Numerous groups are trying to determine which of Medicare’s high-cost medicines will be the first targets of the Inflation Reduction Act’s drug price negotiations in 2026. On March 13, Reuters published a list based on a Wall Street consensus. Earlier this month, researchers from the West Health Policy Center in Washington, DC, and Skaggs School of Pharmacy, University of California, San Diego, published their analysis in the Journal of Managed Care and Specialty Pharmacy.
Figuring prominently on the lists are some small-molecule drugs that treat highly prevalent chronic diseases, including empaglifozin (Jardiance®) and sitagliptin (Januvia®) for the treatment of diabetes, apixaban (Eliquis®) and rivaroxaban (Xarelto®) to prevent blood clots, budesonide/formoterol (Symbicort®) and fluticasone/cilanterol (Breo Ellipta®) to treat asthma. Others include the oncology agents Ibrance®, Xtandi®, and Imbruvica®, as well as the autoimmune agent Enbrel®.
Only Enbrel may have direct, publicly announced biosimilar competition, based on this list. But that will not occur until 2029. If Medicare does decide that Enbrel is one of its first targets for drug price negotiations, it will be subject to at least a 60% minimum discount in Medicare pricing. That leaves an open question as to whether biosimilar competition by Sandoz or Samsung Bioepis will be introduced after the 2029 exclusivity expiration.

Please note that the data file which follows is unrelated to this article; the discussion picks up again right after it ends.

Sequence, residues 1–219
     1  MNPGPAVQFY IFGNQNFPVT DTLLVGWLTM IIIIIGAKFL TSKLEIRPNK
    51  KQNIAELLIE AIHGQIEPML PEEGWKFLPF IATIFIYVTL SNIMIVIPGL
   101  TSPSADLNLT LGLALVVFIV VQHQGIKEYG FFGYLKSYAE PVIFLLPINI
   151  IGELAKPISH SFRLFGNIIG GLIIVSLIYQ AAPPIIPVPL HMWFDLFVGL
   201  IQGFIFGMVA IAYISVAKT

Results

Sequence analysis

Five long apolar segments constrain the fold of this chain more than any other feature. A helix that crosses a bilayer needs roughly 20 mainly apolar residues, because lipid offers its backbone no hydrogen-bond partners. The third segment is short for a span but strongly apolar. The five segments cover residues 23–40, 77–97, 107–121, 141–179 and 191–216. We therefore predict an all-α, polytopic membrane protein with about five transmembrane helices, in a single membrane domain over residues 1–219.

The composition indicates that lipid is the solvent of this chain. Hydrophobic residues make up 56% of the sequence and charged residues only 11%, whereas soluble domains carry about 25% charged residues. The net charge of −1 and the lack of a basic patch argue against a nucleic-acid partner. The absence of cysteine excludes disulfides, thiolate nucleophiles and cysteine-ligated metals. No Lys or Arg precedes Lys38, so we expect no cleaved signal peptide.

Despite the fact that several biologics (including certain insulins) rank highly in total sales, they will not qualify because of biosimilar availability or expected availability. These include aflibercept; denosumab; insulin glargine, aspart, lispro, and detemir; ranibizumab, and ustekinumab.
Apparently, the Centers for Medicare and Medicaid Services (CMS) will begin drug price negotiations at a discounting level that it believes aligns with both the net prices of the drug’s closest competitors and the perception of value that it brings at the time of the negotiation. Ultimately, that value estimate could change between now and when the negotiation takes place, particularly for drugs added to the list later in the decade.
The final list of drugs on Medicare’s price negotiation list will be published by CMS on September 1.
AbbVie Among First Targeted for Inflationary Rebates
In other news related to the Inflation Reduction Act, the initial list of pharmaceuticals that will be subject to the legislation’s inflationary rebate has been released by CMS. Of 27 part B drugs listed, somewhat surprisingly, AbbVie’s Humira® was the only biologic product on the list that is facing or will face biosimilar competition in the next few years. Humira is more commonly self-injected, and not administered in a provider’s office or hospital, and so would be mostly covered under the part D pharmacy benefit.
The full list of products subject to the inflationary rebate also provides the coinsurance adjustment for inflation that Medicare-eligible patients will pay between April 1 and June 30, 2023. Normally, this would be 20% for the specialty products listed, but for Humira, this figure drops slightly to 19.53%. Overall, CMS states that this will translate to “$2 to $390 per average dose” in savings.
CMS will invoice the manufacturers listed in 2025 for these rebates.